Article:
Mitchell on Monday announced a major upgrade from UltraMate that will allow cloud-based estimating across multiple devices and permit a user to have more than one estimate open at once.
“It’s really a significant improvement,” Mitchell Auto Physical Damage sales and service Vice President said Monday of the new “Mitchell Estimating Cloud.” “… This is a complete rewrite.”
Though UltraMate had received user interface updates over the years, its core software was 21 years old, according to Rozint. Mitchell Estimating Cloud would still produce “the exact same estimate” as UltraMate, but “it is definitely faster,” he said.
The new capabilities delivered by Mitchell Estimating Cloud come at no additional charge for current UltraMate users, according to the company.
In addition to working on the same estimate on different devices, including at home, Estimating Cloud allows an insurer and repairer to be working on the same estimate simultaneously, according to Rozint. The shop wouldn’t have to submit a supplement and wait for acceptance or a modified supplement to be sent back “over the wall,” he said; both parties can make changes in real-time while discussing it on a phone call.
“The system was designed for that type of collaboration,” Rozint said.
Anyone else granted access could also add content to or otherwise work on the estimate; for example, a technician uploads photos of newly discovered damage for the shop or insurer’s use.
“Mitchell Estimating Cloud operates completely in the cloud. Estimators and appraisers are no longer tied to their desk and can work anywhere, anytime, on any modern browser and device,” Mitchell Auto Physical Damage Solutions general manager and Executive Vice President Debbie Day said in a statement. “Mitchell Estimating Cloud continues to deliver on Mitchell’s long heritage in the industry for supporting proper and safe repairs.”
The data is grouped into a series of cards, according to Mitchell, and Rozint said various cards (as well as individual photos) can be given different permissions — some elements might go to one business partner; other items, such as a photo, might be restricted to internal shop use only.
Rozint said the program could no longer be used offline — doing so would require a locally stored program and therefore fail to deliver the kind of cloud-based service Mitchell. However, he said Mitchell felt the U.S.’s Internet infrastructure was robust enough to go online-only.
Besides, the cloud configuration means shops would have a fallback in a pinch, we suggested and Rozint agreed: A shop could still write estimates on a smartphone using a wireless’ carrier’s 4G LTE data plan even if the repairer’s wired ISP was experiencing an outage.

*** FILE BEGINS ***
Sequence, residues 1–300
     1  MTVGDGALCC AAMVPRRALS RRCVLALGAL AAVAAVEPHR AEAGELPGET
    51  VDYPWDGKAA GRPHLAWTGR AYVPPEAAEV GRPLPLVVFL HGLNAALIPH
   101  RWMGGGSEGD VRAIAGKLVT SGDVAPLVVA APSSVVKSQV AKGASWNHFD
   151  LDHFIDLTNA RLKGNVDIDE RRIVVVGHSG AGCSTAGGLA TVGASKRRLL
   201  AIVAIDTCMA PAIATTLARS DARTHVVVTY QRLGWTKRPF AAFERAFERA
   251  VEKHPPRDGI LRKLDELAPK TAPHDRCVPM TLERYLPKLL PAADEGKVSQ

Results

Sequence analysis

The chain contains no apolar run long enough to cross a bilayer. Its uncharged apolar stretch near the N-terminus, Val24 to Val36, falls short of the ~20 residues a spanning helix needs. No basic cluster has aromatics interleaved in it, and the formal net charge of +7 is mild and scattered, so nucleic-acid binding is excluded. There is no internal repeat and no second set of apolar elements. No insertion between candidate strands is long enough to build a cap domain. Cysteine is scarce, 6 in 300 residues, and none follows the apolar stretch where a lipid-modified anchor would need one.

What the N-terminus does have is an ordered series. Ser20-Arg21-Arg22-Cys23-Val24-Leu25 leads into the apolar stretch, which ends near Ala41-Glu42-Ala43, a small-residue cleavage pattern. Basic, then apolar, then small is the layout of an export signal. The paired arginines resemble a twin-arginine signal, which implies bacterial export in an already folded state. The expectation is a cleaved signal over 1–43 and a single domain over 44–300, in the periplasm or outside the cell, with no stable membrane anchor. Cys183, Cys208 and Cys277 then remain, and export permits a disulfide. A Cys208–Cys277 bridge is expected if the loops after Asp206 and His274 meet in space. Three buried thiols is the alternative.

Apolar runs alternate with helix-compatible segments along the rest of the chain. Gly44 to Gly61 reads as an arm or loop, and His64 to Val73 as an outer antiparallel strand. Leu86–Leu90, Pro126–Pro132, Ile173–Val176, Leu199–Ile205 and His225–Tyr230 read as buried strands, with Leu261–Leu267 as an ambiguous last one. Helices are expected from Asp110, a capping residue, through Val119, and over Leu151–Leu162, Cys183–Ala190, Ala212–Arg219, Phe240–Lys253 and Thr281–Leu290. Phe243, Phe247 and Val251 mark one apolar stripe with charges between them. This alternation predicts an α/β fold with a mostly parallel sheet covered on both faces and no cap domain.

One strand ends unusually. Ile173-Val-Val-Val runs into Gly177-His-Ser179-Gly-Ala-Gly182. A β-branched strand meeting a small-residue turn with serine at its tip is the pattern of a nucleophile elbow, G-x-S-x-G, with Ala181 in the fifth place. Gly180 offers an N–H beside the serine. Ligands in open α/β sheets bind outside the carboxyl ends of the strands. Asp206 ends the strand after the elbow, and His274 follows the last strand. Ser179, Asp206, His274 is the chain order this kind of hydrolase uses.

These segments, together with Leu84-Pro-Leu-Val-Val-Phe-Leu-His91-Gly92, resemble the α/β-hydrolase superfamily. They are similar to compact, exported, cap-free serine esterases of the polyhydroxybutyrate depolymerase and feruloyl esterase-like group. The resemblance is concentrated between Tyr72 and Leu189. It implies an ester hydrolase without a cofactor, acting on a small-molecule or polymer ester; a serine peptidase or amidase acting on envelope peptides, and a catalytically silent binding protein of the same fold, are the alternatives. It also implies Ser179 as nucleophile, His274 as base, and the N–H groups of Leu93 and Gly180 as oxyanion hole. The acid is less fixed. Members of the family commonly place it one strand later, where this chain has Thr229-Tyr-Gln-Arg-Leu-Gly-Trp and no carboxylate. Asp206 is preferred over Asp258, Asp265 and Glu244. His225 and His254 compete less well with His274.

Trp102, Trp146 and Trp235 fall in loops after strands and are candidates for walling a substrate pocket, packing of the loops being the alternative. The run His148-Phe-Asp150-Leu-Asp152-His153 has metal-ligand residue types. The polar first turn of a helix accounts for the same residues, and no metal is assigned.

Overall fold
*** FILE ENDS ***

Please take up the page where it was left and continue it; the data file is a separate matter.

Mitchell Estimating Cloud allows photos to be easily included with the estimate when being prepared on a tablet or smartphone with a camera. It also permits a shop to scan a VIN number using that camera and decode the model’s features (though this third-party method won’t always deliver the same accuracy of looking up VIN build data through the OEM directly.)
“Using the new Mitchell Estimating Cloud is changing the way we write estimates. We’re able to be out in front of a vehicle and write the estimate, upload photos and order parts,” Superior Auto Body claims adjuster Andres Sanchez said in a statement. “As a shop using the new Mitchell Estimating system, I feel it’s going to shorten the time we have the vehicle in the shop, to write the estimate, and get it approved. I like the fact that it’s web-based, and that I can use the platform on a tablet or a laptop, even my mobile phone.”
Finally, Mitchell said Estimating Cloud grants shops the ability to use the more efficient and secure BMS data standard — an intriguing bonus Mitchell said it would discuss further in the future. If the software lets vendors receive BMS messages for free, it could make for interesting competition with CCC’s Secure Share, which will let shops transmit BMS messages for free but will eventually bill vendors once every repair order.
More than 80 repair facilities nationwide — a mix of MSOs, mom-and-pop shops and repairers in between — already have Mitchell Estimating Cloud as part of the company’s testing. Mitchell said the rest of the industry will get it early next quarter, though shops with more complex software configurations (related to a DRP, for example) might take longer than a shop where the upgrade is more vanilla, Rozint said.
“It’s working really well,” Rozint said, and the software was registering at or near zero defects, something he called “really, really encouraging.”
Mitchell, July 24, 2017
Featured images: Mitchell on Monday announced “Mitchell Estimating Cloud,” a major upgrade from UltraMate that will allow cloud-based estimating across multiple devices and permit a user to have more than one estimate open at once. (Provided by Mitchell; redacted by RDN)